On Tuesday, Geneva-based physicists announced the discovery a new class of particle, dubbed a “pentaquark,” according to a press release earlier today by CERN (the French acronym for the European Organization for Nuclear Research), the world’s leading laboratory for particle physics.
The pentaquark discovery was made at LHCb, one of four experiments at CERN’s Large Hadron Collider.
“The pentaquark is not just any new particle,” said LHCb spokesperson Guy Wilkinson.
“It represents a way to aggregate quarks, namely the fundamental constituents of ordinary protons and neutrons, in a pattern that has never been observed before in over fifty years of experimental searches.
More precisely the states must be formed of two up quarks, one down quark, one charm quark and one anti-charm quark.”
So, what exactly is a pentaquark?
Ordinary quarks make up protons or neutrons. A proton or neutron is comprised of three quarks, and these are the ingredients of subatomic particles, so it is easy to appreciate the difficult nature of studying them, and it was by studying the decay of unstable quark particles that scientists hoped to discover the pentaquark.
Take four quarks, bind them together with an anti-quark, and voila! The pentaquark is explained.
But what makes a pentaquark “not just any new particle?”
“Studying its properties may allow us to understand better how ordinary matter, the protons and neutrons from which we’re all made, is constituted…,” added Wilkinson. “One place where pentaquarks may be relevant is when stars collapse and form neutron stars, the final stage of collapse before some go on to make black holes.”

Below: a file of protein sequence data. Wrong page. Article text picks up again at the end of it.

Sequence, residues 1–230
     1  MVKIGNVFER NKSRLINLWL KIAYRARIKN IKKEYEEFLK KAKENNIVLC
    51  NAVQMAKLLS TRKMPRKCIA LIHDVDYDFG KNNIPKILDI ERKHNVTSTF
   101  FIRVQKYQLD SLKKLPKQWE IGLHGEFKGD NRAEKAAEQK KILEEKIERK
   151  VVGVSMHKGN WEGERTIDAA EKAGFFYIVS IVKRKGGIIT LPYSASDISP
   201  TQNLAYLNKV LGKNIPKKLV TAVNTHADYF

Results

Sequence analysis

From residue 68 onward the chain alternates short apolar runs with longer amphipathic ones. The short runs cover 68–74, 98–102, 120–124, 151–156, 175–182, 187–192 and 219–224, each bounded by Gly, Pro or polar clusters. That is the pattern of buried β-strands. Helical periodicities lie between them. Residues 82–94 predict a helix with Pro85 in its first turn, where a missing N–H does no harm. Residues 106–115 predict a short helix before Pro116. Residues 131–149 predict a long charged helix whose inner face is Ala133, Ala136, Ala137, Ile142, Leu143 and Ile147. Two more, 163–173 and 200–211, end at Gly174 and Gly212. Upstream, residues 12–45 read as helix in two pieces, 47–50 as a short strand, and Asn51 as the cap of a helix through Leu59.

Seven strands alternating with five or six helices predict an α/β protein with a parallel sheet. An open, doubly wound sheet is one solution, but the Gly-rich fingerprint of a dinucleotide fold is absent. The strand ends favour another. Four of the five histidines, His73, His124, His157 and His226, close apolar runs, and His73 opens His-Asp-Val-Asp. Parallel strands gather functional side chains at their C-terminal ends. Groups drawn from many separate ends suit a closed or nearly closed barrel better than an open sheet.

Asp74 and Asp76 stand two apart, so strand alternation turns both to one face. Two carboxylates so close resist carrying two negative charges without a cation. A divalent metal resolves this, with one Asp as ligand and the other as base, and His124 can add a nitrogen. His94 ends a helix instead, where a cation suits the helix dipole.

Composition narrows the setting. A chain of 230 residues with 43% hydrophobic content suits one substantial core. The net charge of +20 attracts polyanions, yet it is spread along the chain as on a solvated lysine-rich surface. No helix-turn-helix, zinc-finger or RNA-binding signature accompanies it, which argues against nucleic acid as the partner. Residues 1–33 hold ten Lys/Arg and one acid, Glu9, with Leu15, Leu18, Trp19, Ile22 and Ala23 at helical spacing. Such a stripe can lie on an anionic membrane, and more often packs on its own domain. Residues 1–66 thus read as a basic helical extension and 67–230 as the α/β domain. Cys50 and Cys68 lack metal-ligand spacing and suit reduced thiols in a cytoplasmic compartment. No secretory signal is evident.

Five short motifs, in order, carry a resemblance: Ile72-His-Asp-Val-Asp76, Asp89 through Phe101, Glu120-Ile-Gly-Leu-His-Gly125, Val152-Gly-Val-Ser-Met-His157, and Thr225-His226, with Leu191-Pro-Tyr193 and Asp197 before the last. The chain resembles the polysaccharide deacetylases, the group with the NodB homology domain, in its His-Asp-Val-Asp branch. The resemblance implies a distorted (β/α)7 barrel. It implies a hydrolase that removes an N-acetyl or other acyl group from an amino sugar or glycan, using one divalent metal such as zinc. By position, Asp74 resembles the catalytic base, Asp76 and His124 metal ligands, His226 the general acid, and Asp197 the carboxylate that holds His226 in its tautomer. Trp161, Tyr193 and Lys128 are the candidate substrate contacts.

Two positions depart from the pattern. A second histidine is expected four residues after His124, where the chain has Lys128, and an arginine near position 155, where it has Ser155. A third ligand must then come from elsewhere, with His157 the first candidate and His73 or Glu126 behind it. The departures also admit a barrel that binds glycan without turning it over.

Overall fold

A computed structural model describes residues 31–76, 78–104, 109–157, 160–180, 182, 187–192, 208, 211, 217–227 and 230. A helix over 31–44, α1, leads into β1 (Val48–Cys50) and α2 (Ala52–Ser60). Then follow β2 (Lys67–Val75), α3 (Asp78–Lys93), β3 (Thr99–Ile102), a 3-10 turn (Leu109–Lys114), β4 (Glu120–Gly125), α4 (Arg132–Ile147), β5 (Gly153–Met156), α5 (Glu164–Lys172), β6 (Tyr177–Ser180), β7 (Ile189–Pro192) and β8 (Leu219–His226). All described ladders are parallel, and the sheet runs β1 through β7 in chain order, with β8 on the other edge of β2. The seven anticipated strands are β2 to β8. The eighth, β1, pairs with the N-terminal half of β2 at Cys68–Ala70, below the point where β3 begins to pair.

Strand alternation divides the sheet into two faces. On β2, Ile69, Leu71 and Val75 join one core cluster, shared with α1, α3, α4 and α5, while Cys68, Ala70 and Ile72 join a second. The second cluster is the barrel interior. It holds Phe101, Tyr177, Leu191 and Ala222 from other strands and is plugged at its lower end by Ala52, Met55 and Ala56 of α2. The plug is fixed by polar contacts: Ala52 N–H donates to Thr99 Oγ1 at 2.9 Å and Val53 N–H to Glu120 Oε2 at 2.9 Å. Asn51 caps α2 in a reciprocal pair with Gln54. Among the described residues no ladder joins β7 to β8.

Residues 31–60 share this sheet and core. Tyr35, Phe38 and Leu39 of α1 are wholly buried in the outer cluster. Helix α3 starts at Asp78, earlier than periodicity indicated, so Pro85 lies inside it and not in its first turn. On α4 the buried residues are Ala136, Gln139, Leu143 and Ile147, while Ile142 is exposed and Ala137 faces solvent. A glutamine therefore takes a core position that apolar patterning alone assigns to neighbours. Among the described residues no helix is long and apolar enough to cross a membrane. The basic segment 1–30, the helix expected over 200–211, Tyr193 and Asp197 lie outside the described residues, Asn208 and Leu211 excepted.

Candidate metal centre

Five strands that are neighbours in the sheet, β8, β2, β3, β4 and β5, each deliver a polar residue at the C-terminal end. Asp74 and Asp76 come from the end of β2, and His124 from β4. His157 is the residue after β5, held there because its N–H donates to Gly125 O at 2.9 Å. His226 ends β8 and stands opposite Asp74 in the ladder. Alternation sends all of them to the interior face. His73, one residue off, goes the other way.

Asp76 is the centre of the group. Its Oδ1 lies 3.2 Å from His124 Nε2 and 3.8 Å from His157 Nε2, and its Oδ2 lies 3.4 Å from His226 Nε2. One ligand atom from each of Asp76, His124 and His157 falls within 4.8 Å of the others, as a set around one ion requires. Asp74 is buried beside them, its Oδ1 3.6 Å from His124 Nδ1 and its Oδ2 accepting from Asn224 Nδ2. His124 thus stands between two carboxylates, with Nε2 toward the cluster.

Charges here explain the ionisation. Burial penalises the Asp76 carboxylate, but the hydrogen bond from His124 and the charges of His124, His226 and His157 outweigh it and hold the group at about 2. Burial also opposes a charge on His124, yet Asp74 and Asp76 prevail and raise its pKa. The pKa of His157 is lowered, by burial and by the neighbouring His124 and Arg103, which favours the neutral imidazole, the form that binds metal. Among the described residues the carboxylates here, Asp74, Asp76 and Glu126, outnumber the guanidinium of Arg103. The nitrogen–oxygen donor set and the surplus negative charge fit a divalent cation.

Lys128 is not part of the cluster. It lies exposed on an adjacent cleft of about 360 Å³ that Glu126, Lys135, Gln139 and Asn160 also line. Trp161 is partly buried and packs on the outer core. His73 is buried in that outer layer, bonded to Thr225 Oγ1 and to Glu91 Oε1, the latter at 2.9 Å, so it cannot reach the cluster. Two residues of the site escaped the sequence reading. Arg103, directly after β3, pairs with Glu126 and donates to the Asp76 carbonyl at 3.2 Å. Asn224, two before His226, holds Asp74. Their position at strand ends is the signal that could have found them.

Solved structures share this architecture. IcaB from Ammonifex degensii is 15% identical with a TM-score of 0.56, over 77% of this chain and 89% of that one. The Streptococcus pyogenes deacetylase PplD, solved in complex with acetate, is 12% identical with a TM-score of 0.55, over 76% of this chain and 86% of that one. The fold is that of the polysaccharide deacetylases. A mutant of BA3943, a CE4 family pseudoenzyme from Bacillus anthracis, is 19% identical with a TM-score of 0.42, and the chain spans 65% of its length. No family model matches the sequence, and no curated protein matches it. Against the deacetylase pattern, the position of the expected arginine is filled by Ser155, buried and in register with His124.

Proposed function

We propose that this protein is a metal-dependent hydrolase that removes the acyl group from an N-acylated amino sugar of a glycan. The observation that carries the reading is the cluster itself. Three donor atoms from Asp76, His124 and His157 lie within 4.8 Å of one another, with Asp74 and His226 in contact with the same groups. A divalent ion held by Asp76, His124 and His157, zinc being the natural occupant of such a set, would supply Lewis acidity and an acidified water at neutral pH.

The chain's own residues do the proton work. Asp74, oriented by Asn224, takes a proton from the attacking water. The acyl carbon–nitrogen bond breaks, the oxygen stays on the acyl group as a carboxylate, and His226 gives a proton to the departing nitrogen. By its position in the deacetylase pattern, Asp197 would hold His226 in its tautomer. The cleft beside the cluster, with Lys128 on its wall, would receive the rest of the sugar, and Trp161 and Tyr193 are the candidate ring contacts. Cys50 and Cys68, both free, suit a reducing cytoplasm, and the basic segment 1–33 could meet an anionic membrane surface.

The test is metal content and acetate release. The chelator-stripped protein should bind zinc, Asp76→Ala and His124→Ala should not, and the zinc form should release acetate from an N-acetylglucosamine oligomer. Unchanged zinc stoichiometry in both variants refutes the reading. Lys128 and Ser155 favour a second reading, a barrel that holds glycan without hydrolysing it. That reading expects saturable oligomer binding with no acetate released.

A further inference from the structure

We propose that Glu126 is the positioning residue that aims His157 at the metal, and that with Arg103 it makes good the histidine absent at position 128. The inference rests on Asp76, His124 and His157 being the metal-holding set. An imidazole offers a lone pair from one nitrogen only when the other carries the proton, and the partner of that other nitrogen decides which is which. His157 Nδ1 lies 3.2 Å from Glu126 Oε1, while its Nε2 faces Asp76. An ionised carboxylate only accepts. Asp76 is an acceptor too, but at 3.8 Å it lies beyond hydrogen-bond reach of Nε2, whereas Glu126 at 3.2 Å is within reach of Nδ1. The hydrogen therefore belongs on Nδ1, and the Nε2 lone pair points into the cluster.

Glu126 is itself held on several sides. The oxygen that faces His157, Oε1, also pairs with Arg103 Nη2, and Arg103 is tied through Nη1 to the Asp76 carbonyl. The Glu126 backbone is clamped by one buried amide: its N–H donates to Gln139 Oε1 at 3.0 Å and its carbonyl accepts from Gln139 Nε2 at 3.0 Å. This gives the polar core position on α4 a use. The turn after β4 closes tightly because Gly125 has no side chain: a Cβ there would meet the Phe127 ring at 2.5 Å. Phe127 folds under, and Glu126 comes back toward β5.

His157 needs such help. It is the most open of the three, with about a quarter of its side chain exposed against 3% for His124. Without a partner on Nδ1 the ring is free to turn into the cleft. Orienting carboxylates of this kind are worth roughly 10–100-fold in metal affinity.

The existence of the pentaquark was just a hypothesis, literally, just yesterday. Past experiments searching for pentaquarks had proven inconclusive, even disproved, according to a statement from CERN. The LHCb has allowed physicists to look for evidence of pentaquarks from many perspectives not previously available before the Large Hadron Collider.
Imagine that previous searches for the pentaquark were being conducted in the dark, and the LHCb turned on the lights for research, literally, “illuminating all angles” for research of the microscopic components, according to CERN.
If this discovery is verified, this will be a second landmark finding for the Large Hadron Collider in Geneva. LHC scientists were responsible for the Higgs-Boson discovery two years ago, per Science News.
“We’re recreating temperatures that were last seen billionths of a second after the Big Bang,” Professor Tara Shears, a particle physics professor from the University of Liverpool, explained to BBC News. “When you get to this hot temperature, matter dissociates into atoms, and atoms into nuclei and electrons.”
“Everything unravels to its constituents. And those constituents are what we study in particle physics.”
This pentaquark is elusive.
Previous experiments thought to have proven the existence of the pentaquark were later disproven.
Other states of quarks have been studied, as well. As previously reported by the Inquisitr, tetraquarks were discovered in April by the Large Hadron Collider, and just after the LHC had been shut down for two years of repairs and upgrades.
The next step in the analysis will be to study how the quarks are bound together within the pentaquarks.
[Image courtesy of CERN]